What is georgian

The Scriptures of the World: The Georgian Script

The Georgian language belongs to the South Caucasian (Cartelian) language family, which in turn belongs to the Caucasian language family. The Caucasian language family comprises around 40 languages, which are divided into three subgroups:
In addition to the South Caucasian and Kartvelian, these include the Abkhazo-Adygean (Northwest Caucasian) and the Post-Dagestan (Northeast Caucasian).
In addition to Georgian, Swan, Sanisch, Lasisch and Mingrelian belong to the South Caucasian language family. A verifiable relationship to other languages ​​has not yet been found, neither to Indo-European, nor to Semitic or Altay.
With more than four million speakers, Georgian is the largest single language in the group of South Caucasian languages. As the official language in Georgia, it is also the only language in this group to have official status.
Outside Georgia you can find speakers of Georgian in Turkey, Azerbaijan, Armenia, Iran, Russia and Ukraine.
In addition to Georgian, Azerbaijani, Armenian, Russian, Abkhazian and Ossetian are spoken in Georgia.

Knight letters or Mchedruli - the Georgian alphabet

Georgian has a long tradition as a literary and cultural language. Georgian language literature can be traced back 1,500 years.
According to tradition, it is even older than Christianity.
The first literary finds in Georgian date from the 3rd century BC. So the Georgians already had a script before their own Georgian alphabet emerged.
The Georgian alphabet probably developed at the beginning of the 5th century. Some researchers are of the opinion that this happened under the influence of the Greek out of the Aramaic alphabet. However, this view is controversial.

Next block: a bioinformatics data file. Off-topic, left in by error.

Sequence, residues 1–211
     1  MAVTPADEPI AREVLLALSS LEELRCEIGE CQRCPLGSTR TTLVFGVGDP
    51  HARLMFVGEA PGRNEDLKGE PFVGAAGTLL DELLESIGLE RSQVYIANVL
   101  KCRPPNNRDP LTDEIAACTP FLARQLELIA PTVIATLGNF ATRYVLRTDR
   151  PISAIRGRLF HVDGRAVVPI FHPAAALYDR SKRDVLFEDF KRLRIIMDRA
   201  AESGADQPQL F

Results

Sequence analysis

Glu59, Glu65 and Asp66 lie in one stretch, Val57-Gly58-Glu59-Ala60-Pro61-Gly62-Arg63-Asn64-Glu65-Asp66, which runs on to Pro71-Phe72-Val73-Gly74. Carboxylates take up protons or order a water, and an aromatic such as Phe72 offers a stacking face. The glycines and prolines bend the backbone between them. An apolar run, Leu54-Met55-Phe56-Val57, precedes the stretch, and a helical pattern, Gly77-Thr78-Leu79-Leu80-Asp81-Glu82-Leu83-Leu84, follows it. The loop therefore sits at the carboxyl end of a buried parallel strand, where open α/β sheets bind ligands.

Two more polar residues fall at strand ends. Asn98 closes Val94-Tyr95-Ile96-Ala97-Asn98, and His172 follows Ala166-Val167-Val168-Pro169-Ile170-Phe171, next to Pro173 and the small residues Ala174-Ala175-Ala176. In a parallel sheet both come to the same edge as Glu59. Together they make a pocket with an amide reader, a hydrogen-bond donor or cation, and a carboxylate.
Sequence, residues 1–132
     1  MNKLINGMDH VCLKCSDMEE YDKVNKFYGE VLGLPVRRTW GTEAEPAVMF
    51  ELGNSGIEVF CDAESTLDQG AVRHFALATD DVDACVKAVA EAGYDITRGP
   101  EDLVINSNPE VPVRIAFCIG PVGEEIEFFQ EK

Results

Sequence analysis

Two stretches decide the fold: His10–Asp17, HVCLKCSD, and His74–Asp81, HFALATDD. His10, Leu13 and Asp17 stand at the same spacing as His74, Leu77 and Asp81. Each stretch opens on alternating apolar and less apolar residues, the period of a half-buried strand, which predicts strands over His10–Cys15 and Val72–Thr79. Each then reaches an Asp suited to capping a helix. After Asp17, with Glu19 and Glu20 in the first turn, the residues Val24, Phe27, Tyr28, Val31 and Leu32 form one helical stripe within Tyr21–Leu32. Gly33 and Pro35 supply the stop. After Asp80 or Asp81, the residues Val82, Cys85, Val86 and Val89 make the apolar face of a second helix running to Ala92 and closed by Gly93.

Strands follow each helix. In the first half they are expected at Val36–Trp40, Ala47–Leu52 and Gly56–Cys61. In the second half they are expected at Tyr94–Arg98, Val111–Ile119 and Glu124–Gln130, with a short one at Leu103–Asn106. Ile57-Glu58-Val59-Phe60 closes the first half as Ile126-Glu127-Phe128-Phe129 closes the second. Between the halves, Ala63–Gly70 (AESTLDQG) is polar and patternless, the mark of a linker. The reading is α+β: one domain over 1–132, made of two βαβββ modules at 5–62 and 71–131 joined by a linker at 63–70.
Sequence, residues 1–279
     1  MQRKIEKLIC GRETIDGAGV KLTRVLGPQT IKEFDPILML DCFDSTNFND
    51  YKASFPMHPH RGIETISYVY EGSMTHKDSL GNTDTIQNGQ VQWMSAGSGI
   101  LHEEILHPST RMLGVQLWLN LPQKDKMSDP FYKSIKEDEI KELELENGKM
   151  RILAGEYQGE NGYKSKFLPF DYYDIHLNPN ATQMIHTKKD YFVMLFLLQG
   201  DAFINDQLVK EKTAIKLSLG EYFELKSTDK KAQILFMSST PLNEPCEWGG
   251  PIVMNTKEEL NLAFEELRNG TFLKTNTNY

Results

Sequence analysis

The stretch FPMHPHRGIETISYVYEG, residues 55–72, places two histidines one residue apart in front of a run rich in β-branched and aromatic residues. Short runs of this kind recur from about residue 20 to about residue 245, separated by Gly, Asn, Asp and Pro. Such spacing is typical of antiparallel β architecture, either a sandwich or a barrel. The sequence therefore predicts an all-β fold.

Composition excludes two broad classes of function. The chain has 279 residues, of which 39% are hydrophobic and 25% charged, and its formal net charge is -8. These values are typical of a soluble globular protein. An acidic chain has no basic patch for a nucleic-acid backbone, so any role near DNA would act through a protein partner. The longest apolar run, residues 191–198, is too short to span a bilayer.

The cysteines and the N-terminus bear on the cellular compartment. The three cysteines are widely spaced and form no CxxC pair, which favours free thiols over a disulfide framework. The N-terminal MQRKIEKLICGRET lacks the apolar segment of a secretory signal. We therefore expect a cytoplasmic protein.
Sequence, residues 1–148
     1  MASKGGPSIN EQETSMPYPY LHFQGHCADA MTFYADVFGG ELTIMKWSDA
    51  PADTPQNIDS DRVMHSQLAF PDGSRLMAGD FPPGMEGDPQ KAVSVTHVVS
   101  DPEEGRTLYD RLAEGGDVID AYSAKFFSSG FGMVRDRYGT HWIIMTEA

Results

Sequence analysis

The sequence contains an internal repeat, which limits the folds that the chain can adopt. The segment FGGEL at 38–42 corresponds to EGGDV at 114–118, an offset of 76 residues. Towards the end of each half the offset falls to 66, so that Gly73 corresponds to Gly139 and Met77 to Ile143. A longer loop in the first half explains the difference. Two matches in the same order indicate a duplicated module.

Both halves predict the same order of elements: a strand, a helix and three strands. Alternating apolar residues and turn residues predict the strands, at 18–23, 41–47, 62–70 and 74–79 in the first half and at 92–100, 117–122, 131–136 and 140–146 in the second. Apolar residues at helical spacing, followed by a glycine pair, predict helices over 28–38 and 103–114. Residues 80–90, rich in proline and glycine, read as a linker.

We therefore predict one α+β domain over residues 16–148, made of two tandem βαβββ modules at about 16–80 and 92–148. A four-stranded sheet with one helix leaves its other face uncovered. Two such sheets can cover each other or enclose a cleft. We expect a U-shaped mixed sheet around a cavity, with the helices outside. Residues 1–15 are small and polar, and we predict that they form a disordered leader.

In any case, the fact is that the Georgian alphabet has the same sequence of letters as the Greek alphabet. This makes the Georgian script one of the oldest Eastern European scripts.
The current form of the Georgian alphabet or the Georgian script, called Mchedruli, developed in the 11th century AD and represents the third stage of development of the Georgian script.
In the history of the origins of the font, a distinction is made between three chronologically consecutive fonts, the Mrgwlowani-Script (Asomtawruli) from the 5th century.
From this emerged in the 9th century KutchovaniScript (Nusxa-xucuri, Nusxuri) and finally in the 11th century the Mchedruli- Font that is used up to the present day with some changes.
The original 38 letters of the Georgian alphabet became today's 33. These are divided into 28 consonants and 5 vowels.
Since there is a letter for every phoneme, i.e. for every sound, the alphabet accurately reproduces the pronunciation of Georgian.
The font is read from left to right and does not differentiate between upper and lower case.
The following table gives you an overview of the characters in Georgian:
Official transliteration
breathed T as in Tüll
as in Russian (dark L., formed in the throat
rolled tongue tipR.
breathed P. as in petting
breathed K as in Kanal
Larynx sound between ღ and ხ (plosive sound)
voiceless sch as in schgoodbye
breathed Tsch as in Kuche
breathed Ts as in Zunge
Ts (short, plosive sound)
Tsch (short, plosive sound)

To make it easier for you to learn the Georgian language, we have also created a file for you with the keyboard layout of the Georgian script. With this you can practice writing the Georgian language on the PC.
Or would you like to practice writing Georgian script yourself?
Then our exercise template for Georgian characters is right for you. You can print out the sheet of paper and find space to write down the characters there.
If you would like to find out more about the language, culture, country and people of Georgia, take a look at the websites http://www.sakartwelo.de and http://geokulturforum.de.
Maybe we could arouse your interest - if you haven't already - in the Georgian script?
In any case, we hope you enjoy learning!
Your editorial staff of Sprachenlernen24